As you watched the London Olympics, you may have wondered, "Why does one athlete reach her golden goal while another with equal talent falters?" Sports psychologists tell us the athlete who hauls in the hardware has learned to manage her anxiety.
Same with influential leaders and presenters.
After a decade of coaching executives, I've learned the key is to manage your anxiety, not try to control it. Managing and controlling are two different mindsets. If you manage your anxiety, you'll stay focused, which radically reduces your stress and improves the outcome. If you try to control it, you give the anxiety too much power. Trying to control your nerves while delivering a presentation makes you vulnerable because it robs you of focus and puts you in a victim state of mind. It allows self-doubt to creep in and sap your energy, therefore putting the outcome in jeopardy.
Think of your next presentation as a golden opportunity to influence. If you struggle with sweaty palms, a racing heart or brain freeze, how do you manage your anxiety when it matters most like A-list athletes and leaders?
Here are three quick tips:
1. Think P&L: Prepared & Loose. Did you notice how playful Usain Bolt was before he broke records? For most of us, a sudden swirl of feelings cultivates anxiety. Staying loose requires emotional regulation, especially if you're a perfectionist. If you want to boost your cognitive performance, simply tell yourself that you are fully prepared. And that being tense will work against you. Give yourself permission to create an almost playful state of mind. P & L: Playful and loose.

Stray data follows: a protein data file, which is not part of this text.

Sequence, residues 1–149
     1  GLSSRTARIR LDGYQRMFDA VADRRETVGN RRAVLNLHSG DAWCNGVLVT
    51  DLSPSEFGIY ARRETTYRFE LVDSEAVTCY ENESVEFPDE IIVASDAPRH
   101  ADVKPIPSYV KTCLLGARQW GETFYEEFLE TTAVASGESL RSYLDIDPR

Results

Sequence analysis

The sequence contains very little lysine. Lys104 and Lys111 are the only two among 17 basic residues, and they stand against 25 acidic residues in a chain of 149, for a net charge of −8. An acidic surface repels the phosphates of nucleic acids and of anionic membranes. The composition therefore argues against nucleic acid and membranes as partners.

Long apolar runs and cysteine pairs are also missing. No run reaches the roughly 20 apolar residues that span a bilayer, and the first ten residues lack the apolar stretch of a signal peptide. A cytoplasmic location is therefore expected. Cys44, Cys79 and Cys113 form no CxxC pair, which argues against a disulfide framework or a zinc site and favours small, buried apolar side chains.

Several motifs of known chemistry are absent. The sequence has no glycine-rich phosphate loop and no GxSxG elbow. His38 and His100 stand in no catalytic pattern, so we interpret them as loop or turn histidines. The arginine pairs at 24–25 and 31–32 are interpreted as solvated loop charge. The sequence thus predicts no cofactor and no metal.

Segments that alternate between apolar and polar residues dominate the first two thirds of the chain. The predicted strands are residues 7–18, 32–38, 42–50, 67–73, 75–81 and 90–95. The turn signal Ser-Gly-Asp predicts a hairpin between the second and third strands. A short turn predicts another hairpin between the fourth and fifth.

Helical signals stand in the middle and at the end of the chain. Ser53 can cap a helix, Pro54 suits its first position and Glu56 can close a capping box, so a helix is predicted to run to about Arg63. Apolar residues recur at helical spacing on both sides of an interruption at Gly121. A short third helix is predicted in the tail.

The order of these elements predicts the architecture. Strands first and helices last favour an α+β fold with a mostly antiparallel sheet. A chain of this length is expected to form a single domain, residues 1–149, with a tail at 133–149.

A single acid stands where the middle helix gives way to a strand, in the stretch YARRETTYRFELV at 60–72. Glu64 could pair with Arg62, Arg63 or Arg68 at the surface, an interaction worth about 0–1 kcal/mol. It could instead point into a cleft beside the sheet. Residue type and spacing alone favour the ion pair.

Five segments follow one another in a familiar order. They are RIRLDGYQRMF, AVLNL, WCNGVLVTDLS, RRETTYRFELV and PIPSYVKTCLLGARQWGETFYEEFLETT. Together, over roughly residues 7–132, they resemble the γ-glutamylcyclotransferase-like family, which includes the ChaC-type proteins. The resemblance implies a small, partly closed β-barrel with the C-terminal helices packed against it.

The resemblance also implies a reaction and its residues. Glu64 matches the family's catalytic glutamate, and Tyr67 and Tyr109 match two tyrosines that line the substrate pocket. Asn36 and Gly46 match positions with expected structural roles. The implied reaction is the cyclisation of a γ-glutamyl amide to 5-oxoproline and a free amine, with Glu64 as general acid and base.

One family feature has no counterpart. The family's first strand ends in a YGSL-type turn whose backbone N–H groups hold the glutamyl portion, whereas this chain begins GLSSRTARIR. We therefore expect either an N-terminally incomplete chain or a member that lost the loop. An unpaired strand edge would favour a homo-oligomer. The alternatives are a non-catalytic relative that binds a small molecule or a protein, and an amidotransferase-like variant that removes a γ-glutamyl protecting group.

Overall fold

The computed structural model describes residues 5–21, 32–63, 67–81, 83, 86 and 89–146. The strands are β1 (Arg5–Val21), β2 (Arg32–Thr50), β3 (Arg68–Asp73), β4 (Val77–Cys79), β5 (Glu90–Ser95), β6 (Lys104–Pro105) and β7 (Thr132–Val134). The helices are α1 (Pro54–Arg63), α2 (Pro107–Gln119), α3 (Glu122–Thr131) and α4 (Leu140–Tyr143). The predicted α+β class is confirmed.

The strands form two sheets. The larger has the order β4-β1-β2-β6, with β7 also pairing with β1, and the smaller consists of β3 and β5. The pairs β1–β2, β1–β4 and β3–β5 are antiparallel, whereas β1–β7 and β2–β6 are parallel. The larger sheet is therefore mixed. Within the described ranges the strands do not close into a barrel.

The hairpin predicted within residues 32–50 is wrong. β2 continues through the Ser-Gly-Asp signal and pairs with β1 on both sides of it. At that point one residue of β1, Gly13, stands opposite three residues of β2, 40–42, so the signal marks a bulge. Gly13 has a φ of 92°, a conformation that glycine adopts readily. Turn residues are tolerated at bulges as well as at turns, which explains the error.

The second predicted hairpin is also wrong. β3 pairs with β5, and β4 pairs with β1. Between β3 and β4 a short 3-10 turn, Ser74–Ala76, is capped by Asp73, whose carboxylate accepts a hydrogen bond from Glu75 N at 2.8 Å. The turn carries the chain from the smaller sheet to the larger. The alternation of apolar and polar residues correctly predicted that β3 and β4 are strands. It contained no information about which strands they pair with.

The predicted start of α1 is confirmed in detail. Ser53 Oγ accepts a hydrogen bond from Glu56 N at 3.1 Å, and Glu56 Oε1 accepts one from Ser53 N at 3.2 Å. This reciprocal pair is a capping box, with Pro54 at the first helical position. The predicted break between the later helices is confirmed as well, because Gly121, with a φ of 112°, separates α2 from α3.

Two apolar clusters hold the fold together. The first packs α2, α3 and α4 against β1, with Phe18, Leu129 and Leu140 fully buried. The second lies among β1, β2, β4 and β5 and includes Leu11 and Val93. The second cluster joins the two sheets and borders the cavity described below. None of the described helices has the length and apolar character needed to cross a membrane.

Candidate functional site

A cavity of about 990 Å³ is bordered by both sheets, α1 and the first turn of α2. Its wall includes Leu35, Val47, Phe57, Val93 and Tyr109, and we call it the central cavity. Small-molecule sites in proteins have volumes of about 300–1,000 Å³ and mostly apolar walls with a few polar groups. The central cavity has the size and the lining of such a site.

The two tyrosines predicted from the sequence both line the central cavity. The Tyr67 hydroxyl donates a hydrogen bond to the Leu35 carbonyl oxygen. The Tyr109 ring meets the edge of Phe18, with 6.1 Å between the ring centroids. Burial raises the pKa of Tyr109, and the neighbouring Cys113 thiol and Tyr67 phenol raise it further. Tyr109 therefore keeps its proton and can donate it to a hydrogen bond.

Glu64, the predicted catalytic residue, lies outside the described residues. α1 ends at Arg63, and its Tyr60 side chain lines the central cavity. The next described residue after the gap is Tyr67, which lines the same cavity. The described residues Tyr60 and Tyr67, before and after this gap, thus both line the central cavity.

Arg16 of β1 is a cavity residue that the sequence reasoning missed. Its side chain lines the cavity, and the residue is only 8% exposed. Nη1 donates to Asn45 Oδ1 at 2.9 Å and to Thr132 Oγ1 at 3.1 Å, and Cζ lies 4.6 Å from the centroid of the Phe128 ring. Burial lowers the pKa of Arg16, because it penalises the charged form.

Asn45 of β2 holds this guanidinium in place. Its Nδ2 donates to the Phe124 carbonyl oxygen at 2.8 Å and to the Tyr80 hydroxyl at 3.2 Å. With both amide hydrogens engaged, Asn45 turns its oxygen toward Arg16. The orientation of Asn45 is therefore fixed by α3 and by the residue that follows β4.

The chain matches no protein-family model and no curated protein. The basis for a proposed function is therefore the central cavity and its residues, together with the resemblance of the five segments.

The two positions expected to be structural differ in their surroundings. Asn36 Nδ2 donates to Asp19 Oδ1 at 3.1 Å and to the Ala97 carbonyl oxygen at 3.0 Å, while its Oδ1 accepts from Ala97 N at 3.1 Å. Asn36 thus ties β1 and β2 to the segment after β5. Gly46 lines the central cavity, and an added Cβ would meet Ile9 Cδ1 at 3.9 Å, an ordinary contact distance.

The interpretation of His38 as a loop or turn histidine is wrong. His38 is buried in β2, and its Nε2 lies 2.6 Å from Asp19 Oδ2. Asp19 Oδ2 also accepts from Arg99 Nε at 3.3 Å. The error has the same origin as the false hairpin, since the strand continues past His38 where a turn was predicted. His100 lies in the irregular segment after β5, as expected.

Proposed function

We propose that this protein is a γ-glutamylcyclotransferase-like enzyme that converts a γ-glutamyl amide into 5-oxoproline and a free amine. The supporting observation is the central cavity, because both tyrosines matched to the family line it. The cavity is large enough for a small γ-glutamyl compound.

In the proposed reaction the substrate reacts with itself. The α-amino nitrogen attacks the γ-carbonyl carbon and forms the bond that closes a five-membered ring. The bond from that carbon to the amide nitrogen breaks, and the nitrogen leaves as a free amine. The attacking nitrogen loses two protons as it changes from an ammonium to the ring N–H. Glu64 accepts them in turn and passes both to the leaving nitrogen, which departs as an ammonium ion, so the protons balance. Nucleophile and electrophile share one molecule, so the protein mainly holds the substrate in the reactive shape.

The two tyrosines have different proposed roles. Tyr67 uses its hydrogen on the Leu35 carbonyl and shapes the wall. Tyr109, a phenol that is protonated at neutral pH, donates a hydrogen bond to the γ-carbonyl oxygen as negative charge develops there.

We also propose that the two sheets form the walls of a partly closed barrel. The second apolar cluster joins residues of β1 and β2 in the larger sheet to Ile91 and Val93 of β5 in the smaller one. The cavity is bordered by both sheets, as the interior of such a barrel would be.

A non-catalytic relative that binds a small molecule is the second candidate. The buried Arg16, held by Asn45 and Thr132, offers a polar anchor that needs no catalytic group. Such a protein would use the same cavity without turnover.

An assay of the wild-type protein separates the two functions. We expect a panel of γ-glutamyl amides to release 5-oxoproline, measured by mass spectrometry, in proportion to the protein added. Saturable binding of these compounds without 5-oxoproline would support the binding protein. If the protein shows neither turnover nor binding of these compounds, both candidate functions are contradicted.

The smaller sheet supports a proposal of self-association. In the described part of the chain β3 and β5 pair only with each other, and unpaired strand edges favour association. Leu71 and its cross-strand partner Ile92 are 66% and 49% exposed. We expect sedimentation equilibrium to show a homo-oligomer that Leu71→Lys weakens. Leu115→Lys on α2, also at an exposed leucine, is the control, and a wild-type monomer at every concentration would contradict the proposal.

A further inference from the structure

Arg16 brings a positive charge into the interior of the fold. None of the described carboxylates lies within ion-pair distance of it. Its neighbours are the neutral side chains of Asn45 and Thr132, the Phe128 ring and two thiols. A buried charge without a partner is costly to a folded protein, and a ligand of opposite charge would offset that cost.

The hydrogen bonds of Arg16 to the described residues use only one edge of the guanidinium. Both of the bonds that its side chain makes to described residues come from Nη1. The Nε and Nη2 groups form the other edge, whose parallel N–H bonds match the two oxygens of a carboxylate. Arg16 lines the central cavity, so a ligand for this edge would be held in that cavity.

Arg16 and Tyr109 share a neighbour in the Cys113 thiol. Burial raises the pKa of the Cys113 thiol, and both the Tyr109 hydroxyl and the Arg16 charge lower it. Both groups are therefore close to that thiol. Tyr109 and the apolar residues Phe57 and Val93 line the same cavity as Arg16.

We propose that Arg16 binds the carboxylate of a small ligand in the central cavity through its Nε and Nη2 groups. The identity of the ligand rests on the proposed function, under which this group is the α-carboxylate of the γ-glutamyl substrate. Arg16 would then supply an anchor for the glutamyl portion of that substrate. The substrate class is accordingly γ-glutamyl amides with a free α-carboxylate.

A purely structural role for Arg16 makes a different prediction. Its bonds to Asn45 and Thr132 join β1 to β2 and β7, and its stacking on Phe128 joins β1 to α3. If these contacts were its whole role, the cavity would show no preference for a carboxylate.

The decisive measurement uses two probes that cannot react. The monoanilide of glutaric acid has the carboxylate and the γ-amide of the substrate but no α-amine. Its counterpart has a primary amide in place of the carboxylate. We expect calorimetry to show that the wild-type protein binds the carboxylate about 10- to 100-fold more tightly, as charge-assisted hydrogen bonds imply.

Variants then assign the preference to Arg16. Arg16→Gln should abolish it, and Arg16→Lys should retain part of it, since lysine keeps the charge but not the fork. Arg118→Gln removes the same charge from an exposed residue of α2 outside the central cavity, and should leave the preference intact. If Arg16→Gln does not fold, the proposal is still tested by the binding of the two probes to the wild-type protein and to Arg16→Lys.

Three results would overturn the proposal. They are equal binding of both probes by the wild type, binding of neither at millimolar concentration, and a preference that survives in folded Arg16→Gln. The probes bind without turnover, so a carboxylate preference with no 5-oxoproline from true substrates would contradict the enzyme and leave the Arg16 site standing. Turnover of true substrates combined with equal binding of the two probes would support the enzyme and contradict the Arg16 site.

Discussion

2. Opt-Out of Anxiety. Gabby Douglas of the U.S. women's gymnastics team did this prior to making history winning the all-around gold medal. She willed herself to opt-out of her anxiety. Later, when she faltered during her individual routines, she said the pressure of expectations got to her. Perhaps you gravitate towards pre-presentation anxiety. Maybe you do it because it's familiar ground. An anxious frame of mind may be unpleasant, but it's familiar. Maybe you think you should feel anxious. Ask yourself, "Is it possible I've become addicted to feeling anxious prior to presentations because that's the state I've always known?" Truth be told, maybe you'd feel like a slacker if you had a sense of calm. Please don't get high on anxiety. Opt out of anxiety and in to a calm state in order to shine in the spotlight.
3. Go the Extra Smile. Again, let's look at the Olympic gymnasts. There's a reason they flash those radiant smiles prior to their routines. They don't start with the now famous "McKayla is Not Impressed" facial position McKayla Maroney displayed when she disappointingly received her silver medal. A brand new research study from the University of Kansas says that smiling lowers your anxiety because it lowers your heart rate. According to the study, even a forced smile can reduce your stress level. So the next time you find yourself tense, check your face. Turn that grin upside down. Give a Gabby, not a McKayla. You'll close your energy gap and lower your anxiety.
In another post, you'll discover why all smiles are not created equal. I'll share something I've taught my executive clients for years. I call it "The Magic Move.®" According to the Kansas study, this particular facial position gives you a tremendous edge because it dramatically lowers your stress. Even better, my research shows that "The Magic Move®" triggers the top response from others. And that is the truest metric of your influence.
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